Tested on animals:Yes
These cleansing pads aren’t anti-acne stress control for anyone’s skin, but they will stress your skin because of the amount of alcohol. Alcohol not only causes dryness and sensitizes skin, but it also can trigger oil production in the pore (see More Info for details). What a shame, because without the alcohol this would’ve been an effective cleanser with salicylic acid, and the fact that you don’t rinse skin afterward means that the salicylic acid would have a chance to get into the pore and work.
Contains salicylic acid in a leave-on form that can work to exfoliate skin.
Contains a high amount of potentially-drying alcohol.
Alcohol-Based Skincare Products: Alcohol's effect on your skin is similar to its effect on the rest of your body: it steals the good (hydration) and leaves the bad (dryness, redness, and discomfort). Research has made it clear that alcohol as a main ingredient in any skincare product you use repeatedly is a problem.
When we express concern about the presence of alcohol in skincare or makeup products, we’re referring to denatured ethanol, which you’ll most often see listed as SD alcohol, alcohol denat, denatured alcohol, or isopropyl alcohol on the ingredient label.
When you see these names of this type of alcohol listed among the first six ingredients on an ingredient label, without question they will aggravate and be cruel to skin. No way around that, it’s simply bad for all skin types.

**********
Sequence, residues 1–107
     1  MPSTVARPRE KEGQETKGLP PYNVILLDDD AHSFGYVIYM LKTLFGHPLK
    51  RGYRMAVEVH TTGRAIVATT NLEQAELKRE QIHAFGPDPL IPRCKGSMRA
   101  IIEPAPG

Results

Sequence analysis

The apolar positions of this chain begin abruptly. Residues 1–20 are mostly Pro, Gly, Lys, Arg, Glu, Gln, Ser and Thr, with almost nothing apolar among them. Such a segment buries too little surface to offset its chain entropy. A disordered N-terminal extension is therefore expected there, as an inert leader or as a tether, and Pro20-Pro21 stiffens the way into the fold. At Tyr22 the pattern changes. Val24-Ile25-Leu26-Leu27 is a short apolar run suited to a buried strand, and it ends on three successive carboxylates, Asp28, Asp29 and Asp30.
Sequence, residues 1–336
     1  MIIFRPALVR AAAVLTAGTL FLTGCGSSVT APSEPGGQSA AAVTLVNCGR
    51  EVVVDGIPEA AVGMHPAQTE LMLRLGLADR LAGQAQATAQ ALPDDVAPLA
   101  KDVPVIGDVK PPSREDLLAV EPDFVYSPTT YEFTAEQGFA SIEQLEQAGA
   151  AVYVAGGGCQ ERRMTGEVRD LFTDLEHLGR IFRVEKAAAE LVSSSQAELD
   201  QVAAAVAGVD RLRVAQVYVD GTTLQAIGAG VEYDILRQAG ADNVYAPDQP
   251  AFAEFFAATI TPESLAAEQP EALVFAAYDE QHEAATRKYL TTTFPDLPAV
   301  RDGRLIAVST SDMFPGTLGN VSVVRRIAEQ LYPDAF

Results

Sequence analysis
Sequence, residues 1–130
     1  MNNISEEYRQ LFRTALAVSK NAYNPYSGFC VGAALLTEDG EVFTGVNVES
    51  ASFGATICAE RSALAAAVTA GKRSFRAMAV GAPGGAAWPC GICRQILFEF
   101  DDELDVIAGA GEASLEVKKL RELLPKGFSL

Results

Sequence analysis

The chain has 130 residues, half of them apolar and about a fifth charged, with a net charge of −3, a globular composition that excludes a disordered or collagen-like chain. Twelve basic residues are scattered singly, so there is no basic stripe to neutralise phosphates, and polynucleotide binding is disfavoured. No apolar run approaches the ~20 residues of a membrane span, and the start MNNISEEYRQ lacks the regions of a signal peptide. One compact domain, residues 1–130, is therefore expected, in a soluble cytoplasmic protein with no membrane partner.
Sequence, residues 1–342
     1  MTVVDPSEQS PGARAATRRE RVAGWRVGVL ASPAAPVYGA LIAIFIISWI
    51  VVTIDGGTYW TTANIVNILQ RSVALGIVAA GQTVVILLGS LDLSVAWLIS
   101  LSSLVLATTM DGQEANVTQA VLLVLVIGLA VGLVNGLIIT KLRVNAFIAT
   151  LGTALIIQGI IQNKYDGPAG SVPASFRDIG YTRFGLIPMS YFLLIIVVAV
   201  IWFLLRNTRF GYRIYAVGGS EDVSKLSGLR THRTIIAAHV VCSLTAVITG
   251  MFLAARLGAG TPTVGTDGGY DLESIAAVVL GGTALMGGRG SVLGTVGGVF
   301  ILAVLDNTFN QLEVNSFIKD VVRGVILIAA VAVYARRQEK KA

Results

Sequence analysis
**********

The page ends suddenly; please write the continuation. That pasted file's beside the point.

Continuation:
These types of volatile alcohols give products a quick-drying finish, immediately degrease skin, and feel weightless, so it’s easy to see their appeal, especially for those with oily skin. But those short term benefits lead to negative long term outcomes!
Consequences include dryness, erosion of skin’s surface (that’s really bad for skin), and a strain on how skin replenishes, renews, and rejuvenates itself. Alcohol just weakens everything about skin.
We are often challenged on this information based on a study in the British Journal of Dermatology, July 2007, issue 1, pages 74-81 that concluded “alcohol-based hand rubs cause less irritation than hand washing…” The only thing this study showed is that alcohol was not as irritating as an even more irritating hand wash containing sodium lauryl sulfate. Think about it this way, if you test to see whether or not you’ll get burnt by a flame or slowly boiling hot water, you will quickly get damaged by the fire. You will eventually be damaged by the slowly boiling hot water it will just take longer, but burned you will be.
There are other types of “alcohols”, known as fatty alcohols, which are absolutely non-irritating and can be exceptionally beneficial for skin. Examples you’ll see on ingredient labels include cetyl, stearyl, and cetearyl alcohol. All of these are good ingredients for skin. It’s important to discern these skin-friendly forms of alcohol from the problematic types of alcohol.
The irony of using alcohol-based products to control oily skin is that the damage from alcohol can lead to an increase in bumps and enlarged pores. Alcohol can actually increase oiliness because of the irritating feeling it creates, so the immediate de-greasing effect is eventually counteracted, prompting your oily skin to look even shinier.
References for this information
Dermato-Endocrinology, January 2011, issue 1, pages 41-49
Experimental Dermatology, June 2008, issue 6, pages 542-551
Alcohol Journal, April 2002, issue 3, pages 179-190
Aging, March 2012, issue 3, pages 166-175
Chemical Immunology and Allergy, March 2012, pages 77-80
Journal of Occupational Medicine and Toxicology, November 2008, issue 3
Clinical Dermatology, September-October 2004, issue 5, pages 360-366.